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Danielle’s Grad School Update: Month 2

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So, you want to go to grad school? Keep reading.

You know that old adage, “Time flies when you’re having fun”?

Well, it flies when you’re in grad school too!

In October, I noticed my academic work started to kick up a bit.

Homework in the average week consisted of 100-150 pages of reading for each of my seminars, 5-10 pages of French translation, up to 75 pages of reading for the students I TA for, and planning lessons for my students.

In total, this takes me between two and three days to complete.

I was also given my first large assignment, which was the proposal for one of my term papers.  It needed to be between six and eight pages, and consisted of my research objectives, a review of literature, an explanation of the theoretical framework, a description of the methodology and methods, and a provisional outline of the paper.

Almost the entire time I was worried that I wouldn’t do very well, but when I got the proposal back, I did fine.

Except for the part where I spelled methodology wrong.  Oops.

As part of my degree program, students have to pass a language translation test in French or an indigenous language.  Since my knowledge of Ojibwe and Mohawk is rudimentary, I decided to enrol in a translation class to try to remember the French I learned in Grades 4 through 10.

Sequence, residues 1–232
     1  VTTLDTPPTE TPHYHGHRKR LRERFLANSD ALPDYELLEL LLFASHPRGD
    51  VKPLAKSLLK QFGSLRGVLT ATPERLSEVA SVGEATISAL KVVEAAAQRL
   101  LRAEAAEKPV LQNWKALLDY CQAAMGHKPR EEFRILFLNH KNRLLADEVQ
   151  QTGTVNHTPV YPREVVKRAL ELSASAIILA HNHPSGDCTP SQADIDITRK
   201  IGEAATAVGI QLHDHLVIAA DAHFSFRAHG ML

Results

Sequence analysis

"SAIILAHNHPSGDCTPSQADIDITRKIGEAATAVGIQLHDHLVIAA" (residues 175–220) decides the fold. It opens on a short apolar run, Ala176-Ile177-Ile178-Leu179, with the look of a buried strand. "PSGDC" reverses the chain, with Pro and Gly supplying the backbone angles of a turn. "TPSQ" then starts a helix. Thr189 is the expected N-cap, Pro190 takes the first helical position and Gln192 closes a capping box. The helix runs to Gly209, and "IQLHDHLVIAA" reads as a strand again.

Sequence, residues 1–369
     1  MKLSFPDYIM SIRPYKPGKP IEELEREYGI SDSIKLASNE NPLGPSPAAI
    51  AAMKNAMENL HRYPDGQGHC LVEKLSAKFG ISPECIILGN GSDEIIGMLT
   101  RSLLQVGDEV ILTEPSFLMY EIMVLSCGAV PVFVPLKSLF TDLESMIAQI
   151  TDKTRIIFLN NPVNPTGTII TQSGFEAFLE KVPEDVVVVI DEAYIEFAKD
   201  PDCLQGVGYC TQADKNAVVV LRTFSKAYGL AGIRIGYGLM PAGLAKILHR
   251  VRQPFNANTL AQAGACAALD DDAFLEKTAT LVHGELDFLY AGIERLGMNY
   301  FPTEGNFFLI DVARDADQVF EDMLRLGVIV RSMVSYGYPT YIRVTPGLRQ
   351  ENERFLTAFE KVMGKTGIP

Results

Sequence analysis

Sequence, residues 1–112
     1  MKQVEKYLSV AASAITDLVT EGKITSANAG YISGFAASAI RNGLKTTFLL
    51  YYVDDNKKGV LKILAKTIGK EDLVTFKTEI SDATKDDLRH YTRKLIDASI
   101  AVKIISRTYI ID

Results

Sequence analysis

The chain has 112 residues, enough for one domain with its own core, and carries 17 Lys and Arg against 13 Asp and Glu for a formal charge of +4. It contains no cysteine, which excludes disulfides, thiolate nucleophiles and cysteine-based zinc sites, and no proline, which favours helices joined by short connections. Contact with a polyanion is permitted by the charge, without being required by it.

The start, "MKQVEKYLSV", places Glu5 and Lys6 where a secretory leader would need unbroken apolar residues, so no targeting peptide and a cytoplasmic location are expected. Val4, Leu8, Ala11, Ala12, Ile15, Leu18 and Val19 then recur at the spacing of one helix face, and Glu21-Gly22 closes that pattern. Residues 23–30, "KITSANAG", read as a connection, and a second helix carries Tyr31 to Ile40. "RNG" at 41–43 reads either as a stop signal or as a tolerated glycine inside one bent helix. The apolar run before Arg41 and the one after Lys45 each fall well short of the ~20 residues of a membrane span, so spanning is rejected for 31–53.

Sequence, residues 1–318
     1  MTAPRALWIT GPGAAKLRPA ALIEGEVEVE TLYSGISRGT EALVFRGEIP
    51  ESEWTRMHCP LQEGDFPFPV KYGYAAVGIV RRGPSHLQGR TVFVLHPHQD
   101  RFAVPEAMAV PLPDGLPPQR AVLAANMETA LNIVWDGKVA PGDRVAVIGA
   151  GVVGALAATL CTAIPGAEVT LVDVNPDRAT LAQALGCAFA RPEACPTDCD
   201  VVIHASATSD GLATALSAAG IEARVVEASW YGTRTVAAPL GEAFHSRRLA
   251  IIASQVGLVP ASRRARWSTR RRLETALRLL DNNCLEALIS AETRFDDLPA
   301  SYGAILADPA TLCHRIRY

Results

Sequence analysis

Unfortunately my program only offers the test twice a year.  I decided to take the test anyway, because the worst thing that could happen was me failing, and I would be able to write it again in the spring.

For the test, you are responsible for reading a French academic article and writing an abstract in English.  You are given two hours and can use a dictionary.

I chose (we were allowed to pick one article out of three based on the topic they were about) “Éléments de Pensée Politique Autochtone Contemporaine” by Dalie Giroux.  For some reason I didn’t think the article was going to be as long as it was, and I definitely was not used to reading a text that was anywhere near this complex (we were reading much simpler stuff in my French class).  But I wrote my abstract, and submitted it for marking.

A couple of days later I found out I passed!  I then promptly dropped the French class that helped me pass.  I plan on keeping up with reading in French, but I can’t seem to get a copy of La Stratégie Ender (but I to do try to read French news online!).

Not everything that happened this month has been academically-based, though.  I attended meetings for the council and caucus I sit on, and helped plan two separate Halloween parties.

I was also fortunate enough to see The Honourable Justice Murray Sinclair, one of the commissioners for the Truth and Reconciliation Commission, speak about the impact of residential schools on Indigenous people in Canada.

My partner came for a visit, so we decided to act like tourists.  We took a tour of the Parliament Buildings, went to the Royal Canadian Mint and lifted a bar of gold (they’re really heavy!), looked at the National War Memorial, the Valiants Memorial as well as the Champlain Statue, and went to Gatineau to go to see the Canadian Museum of Civilization.   It was all a lot of fun.

What’s up next?  November means (even) more work and marking papers for the first time.  And, knowing me, probably an adventure or two of some sort.

So, you want to go to grad school? Click here to read more.

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